Hidden camera footage provided to the ABC showed horses being mistreated at an abattoir in south-east Queensland (pictured). An RSPCA Queensland spokesman said the state body had never sent stock including thoroughbreds to abattoirs or knackeries under any circumstances
RSPCA Australia has said the oversupply and ‘wastage’ of horses in the racing industry led to animals being slaughtered. Pictured are starving horses seized by the RSPCA from a property in Western Australia in 2016
The day after the program screened RSPCA Australia’s acting CEO Bidda Jones said the oversupply and ‘wastage’ of horses in the racing industry had led to animals being slaughtered.
‘Like all Australians who saw last night’s program, we were shocked and horrified – but sadly, not surprised – at the fate of of Australian thoroughbred and harness racing horses sent for slaughter, and the industry’s alarming lack of acknowledgement or control over this,’ Dr Jones said.
‘Sadly, Australian racing authorities have become experts in ignoring the obvious, because it doesn’t fit with their desired image.’
It took RSPCA NSW almost a month to respond to questions about whether it ever sent animals – particularly thoroughbreds – to knackeries.
A statement was eventually provided with input from the RSPCA inspectorate, which investigates allegations of animal mistreatment, and the body’s own legal counsel.
A spokeswoman stressed she could speak on behalf of only RSPCA NSW and not the other state branches of the organisation which all operate independently.
While confirming it sometimes disposed of stock through abattoirs and knackeries RSPCA NSW did not say how often it did so.
The slaughter of racehorses is not illegal in Australia but is against Racing NSW rules, which state all retired thoroughbreds should be re-homed
Asked to clarify if ‘stock’ included thoroughbreds, RSPCA NSW cited the Department of Primary Industries’ use of the word.
‘RSPCA NSW uses the DPI definition of stock – so that includes horses of all descriptions, including thoroughbreds,’ it said.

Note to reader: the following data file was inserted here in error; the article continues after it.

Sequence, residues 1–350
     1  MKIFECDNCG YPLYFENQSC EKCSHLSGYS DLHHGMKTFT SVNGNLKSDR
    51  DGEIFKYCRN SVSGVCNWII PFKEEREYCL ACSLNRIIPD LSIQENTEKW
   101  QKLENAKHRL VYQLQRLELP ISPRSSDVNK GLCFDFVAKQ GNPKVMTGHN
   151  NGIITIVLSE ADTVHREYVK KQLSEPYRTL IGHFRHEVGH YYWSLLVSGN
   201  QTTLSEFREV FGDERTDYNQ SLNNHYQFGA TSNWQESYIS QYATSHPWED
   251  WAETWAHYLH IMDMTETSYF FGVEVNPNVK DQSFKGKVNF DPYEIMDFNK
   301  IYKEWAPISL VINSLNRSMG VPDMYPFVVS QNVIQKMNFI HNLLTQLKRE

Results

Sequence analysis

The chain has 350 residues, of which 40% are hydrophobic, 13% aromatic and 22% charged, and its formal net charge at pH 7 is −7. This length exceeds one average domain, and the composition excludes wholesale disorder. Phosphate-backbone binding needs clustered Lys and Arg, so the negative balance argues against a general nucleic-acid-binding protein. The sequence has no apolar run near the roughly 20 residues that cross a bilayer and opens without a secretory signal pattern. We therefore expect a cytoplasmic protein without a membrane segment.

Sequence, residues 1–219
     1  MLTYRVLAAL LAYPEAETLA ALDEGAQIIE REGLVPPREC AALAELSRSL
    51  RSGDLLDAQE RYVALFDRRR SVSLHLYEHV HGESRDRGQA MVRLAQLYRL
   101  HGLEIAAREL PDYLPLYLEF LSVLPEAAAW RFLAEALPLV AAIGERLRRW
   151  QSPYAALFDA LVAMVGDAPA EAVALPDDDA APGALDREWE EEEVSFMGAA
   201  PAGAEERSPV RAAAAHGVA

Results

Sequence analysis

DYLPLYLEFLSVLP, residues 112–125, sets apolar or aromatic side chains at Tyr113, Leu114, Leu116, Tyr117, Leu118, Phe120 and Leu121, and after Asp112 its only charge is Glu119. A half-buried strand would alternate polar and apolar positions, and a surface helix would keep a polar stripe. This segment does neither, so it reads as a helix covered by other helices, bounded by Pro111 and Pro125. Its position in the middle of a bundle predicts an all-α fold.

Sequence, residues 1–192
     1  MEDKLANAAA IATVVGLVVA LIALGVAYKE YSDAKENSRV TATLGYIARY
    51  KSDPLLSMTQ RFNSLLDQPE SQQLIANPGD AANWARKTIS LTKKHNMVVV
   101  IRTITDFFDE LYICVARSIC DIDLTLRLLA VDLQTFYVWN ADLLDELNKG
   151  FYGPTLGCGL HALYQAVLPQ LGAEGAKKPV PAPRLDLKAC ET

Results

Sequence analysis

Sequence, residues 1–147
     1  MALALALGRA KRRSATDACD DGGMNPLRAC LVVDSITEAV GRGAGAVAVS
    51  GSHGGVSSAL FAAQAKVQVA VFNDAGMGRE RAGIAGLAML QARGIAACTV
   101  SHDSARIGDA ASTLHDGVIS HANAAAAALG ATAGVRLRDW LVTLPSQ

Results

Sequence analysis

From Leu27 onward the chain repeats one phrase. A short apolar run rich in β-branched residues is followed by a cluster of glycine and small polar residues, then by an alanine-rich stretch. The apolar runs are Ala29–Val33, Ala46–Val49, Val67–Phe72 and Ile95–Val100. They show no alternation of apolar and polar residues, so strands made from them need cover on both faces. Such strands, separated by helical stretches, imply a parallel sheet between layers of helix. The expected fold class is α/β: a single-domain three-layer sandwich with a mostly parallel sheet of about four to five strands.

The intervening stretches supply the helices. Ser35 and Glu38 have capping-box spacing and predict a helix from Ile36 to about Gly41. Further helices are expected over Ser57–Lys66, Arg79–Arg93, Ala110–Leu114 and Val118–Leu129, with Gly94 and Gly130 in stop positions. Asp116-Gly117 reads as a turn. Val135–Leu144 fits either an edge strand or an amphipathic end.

The spokeswoman said RSPCA NSW received ‘many thousands’ of stock animals each year ‘under many different circumstances’.
It took in surrendered, stray and impounded animals, those seized by inspectors for prosecution of owners and for the administration of seize and sell provisions of the Prevention of Cruelty to Animals Act.
‘The decision as to how to maintain the animals, in what circumstances, for how long, and whether they should be euthanised is determined by the purpose for which they come into our custody, and a variety of other factors,’ the RSPCA NSW spokeswoman said.
‘That includes determining whether the animal is in a condition which requires immediate euthanasia, in which case the stock will be humanely euthanised, and then either buried or transported to appropriate facilities for disposal.’
RSPCA NSW makes those decisions based on the advice of experienced vets including experts from Sydney University’s Veterinary Teaching Hospital.
The RSPCA takes in thousands of animals every year and some are unable to be saved. Pictured are horses in a yard at the Queensland abattoir featured on the ABC’s 7.30 program
WHAT RSPCA AUSTRALIA SAID ABOUT ABC’S ABATTOIR EXPOSE
Following the expose on ABC 7.30 last night, Australian racing must no longer deny the need for action to address serious welfare issues in its industry, says RSPCA Australia Acting CEO Dr Bidda Jones.
‘Like all Australians who saw last night’s program, we were shocked and horrified – but sadly, not surprised – at the fate of of Australian thoroughbred and harness racing horses sent for slaughter, and the industry’s alarming lack of acknowledgement or control over this.
‘There are two issues here: first, the appalling handling and slaughter practices at the Queensland abattoir shown – Meramist Abattoir at Caboolture – which, as an export abattoir, comes under federal government regulation.